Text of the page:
Church leaders in the North East of England are calling on the Government to maintain the £20 uplift in Universal Credit that was implemented in response to the pandemic, in a bid to protect the most vulnerable.
The top-up was introduced to help families on lower incomes at the beginning of 2020 and is due to expire at the end of September.
An open letter to the Chancellor of the Exchequer has been signed by 14 Bishops and members of the clergy, who are concerned that cutting the additional £20 per week will have devastating consequences for the poor.
Rt Rev Christine Hardman, the Bishop of Newcastle is one of the letter's signatories.
She told Premier that if the top-up is removed, it will have a particular impact on people in the North of England, the West Midlands, Wales and Northern Ireland - where many people on the benefit scheme have low income jobs and don't earn enough money to make ends meet.
"Universal Credit was set too low in the first place. So this £20 uplift hasn't let people live in luxury. But it has, for example, allowed them to have a hot meal, maybe allowed them not to get into debt. It is really important just to lift them out of extreme poverty, to just managing.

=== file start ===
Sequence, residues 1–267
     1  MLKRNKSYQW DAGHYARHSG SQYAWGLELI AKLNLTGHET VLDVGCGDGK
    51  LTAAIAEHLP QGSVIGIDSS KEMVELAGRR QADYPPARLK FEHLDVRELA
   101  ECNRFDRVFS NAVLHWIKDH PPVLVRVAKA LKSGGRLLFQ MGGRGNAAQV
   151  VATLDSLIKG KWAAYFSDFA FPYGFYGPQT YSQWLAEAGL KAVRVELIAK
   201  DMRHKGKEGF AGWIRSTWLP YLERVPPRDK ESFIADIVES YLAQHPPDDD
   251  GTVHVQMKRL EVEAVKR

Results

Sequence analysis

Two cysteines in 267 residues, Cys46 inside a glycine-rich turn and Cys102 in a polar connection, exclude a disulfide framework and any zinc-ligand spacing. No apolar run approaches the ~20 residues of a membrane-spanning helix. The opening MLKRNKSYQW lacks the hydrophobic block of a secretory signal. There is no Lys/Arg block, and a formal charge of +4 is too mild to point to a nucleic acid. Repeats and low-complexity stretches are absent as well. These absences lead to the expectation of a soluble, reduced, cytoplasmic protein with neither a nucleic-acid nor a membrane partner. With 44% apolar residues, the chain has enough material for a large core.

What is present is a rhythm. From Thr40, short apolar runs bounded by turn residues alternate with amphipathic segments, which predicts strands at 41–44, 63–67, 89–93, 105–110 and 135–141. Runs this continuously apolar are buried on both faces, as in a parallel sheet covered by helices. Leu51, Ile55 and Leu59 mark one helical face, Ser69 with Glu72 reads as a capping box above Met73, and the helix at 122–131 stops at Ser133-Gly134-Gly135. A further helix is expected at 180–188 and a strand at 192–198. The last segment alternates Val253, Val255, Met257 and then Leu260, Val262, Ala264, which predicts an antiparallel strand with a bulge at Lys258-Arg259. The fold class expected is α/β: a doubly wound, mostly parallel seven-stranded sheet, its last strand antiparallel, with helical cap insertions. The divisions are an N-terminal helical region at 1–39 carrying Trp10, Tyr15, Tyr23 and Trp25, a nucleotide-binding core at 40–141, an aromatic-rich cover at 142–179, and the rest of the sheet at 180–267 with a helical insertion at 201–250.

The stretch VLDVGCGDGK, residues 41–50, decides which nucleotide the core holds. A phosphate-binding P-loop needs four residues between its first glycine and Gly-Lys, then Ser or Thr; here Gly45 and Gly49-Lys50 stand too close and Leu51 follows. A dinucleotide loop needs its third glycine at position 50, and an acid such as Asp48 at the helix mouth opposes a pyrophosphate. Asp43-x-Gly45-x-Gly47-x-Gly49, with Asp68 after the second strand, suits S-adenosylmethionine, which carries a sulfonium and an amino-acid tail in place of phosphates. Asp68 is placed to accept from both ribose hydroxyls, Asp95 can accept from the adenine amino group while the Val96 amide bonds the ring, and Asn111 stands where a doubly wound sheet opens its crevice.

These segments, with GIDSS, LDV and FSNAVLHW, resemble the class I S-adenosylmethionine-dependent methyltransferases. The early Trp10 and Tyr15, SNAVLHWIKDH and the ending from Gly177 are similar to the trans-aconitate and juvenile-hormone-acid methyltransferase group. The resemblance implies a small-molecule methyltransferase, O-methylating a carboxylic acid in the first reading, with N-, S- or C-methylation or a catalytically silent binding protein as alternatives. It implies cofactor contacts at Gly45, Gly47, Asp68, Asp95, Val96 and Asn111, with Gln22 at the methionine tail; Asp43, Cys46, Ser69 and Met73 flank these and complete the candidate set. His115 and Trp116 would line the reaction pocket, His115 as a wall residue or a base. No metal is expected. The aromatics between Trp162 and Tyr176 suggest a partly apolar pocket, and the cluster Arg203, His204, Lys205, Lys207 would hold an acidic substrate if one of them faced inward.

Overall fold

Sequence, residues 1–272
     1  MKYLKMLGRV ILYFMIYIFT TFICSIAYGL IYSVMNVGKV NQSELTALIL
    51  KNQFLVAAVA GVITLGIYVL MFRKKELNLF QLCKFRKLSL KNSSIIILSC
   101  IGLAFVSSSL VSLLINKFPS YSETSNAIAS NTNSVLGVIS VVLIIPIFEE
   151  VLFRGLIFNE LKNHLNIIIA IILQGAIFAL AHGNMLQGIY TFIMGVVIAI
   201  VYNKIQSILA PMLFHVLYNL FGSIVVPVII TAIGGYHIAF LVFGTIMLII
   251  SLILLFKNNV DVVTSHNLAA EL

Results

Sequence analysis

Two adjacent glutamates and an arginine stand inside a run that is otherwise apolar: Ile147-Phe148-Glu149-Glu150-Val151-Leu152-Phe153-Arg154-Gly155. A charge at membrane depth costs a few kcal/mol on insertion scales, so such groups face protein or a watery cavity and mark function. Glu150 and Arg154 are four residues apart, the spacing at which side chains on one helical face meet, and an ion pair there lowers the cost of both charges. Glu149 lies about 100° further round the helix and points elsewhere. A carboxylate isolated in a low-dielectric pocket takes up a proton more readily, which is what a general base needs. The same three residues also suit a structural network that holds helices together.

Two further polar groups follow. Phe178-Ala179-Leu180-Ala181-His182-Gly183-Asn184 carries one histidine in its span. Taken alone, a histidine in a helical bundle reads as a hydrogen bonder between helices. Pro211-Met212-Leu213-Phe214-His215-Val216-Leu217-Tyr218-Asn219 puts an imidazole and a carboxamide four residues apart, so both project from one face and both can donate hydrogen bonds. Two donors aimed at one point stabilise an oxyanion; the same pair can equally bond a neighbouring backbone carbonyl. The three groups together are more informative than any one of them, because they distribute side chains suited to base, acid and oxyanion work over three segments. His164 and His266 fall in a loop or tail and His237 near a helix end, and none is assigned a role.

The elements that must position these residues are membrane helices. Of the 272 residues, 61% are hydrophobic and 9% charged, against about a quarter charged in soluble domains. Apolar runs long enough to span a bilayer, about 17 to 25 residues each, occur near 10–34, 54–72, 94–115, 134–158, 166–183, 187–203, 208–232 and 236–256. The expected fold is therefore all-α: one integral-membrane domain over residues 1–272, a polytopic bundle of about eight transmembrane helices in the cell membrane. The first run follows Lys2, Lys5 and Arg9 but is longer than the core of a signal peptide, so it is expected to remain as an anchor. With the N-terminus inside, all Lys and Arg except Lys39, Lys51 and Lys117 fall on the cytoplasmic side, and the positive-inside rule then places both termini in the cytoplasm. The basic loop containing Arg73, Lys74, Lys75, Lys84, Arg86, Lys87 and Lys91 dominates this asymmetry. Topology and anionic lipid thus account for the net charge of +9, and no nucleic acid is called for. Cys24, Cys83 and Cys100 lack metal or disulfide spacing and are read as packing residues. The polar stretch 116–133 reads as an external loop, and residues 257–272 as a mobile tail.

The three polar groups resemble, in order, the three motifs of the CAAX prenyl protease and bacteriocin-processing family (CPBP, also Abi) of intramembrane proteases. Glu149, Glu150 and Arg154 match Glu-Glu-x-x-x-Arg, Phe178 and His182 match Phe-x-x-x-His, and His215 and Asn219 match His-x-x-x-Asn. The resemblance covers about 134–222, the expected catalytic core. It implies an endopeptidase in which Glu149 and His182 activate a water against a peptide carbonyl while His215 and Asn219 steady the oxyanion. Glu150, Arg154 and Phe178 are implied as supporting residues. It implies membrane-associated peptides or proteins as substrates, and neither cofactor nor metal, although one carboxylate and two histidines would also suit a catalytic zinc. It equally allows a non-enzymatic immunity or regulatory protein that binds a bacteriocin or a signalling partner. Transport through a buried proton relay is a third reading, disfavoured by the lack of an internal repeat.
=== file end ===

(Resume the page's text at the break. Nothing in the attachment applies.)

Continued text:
"If it is removed, it'll be the biggest overnight cut in benefits since the welfare service began."
Bishop Christine says the timing of this cut is also concerning as it is due to happen just as the furlough scheme finishes and as gas and electricity bills are expected to rise for Winter.
"We're really concerned that people are going to be pushed into food poverty, fuel poverty, and the number of children living in families where they are below the poverty level will be very serious," she added.
According to UK child poverty statistics for 2019-20, there are 4.3 million children currently living in poverty across Great Britain.
Bishop Christine has encouraged Christians to pray for those who are most vulnerable as well as for the Chancellor, to ensure that the "cost of balancing our budgets doesn't fall primarily on the very poorest".
Six former Conservative Work and Pensions secretaries are also calling the Chancellor to reconsider the proposed cut.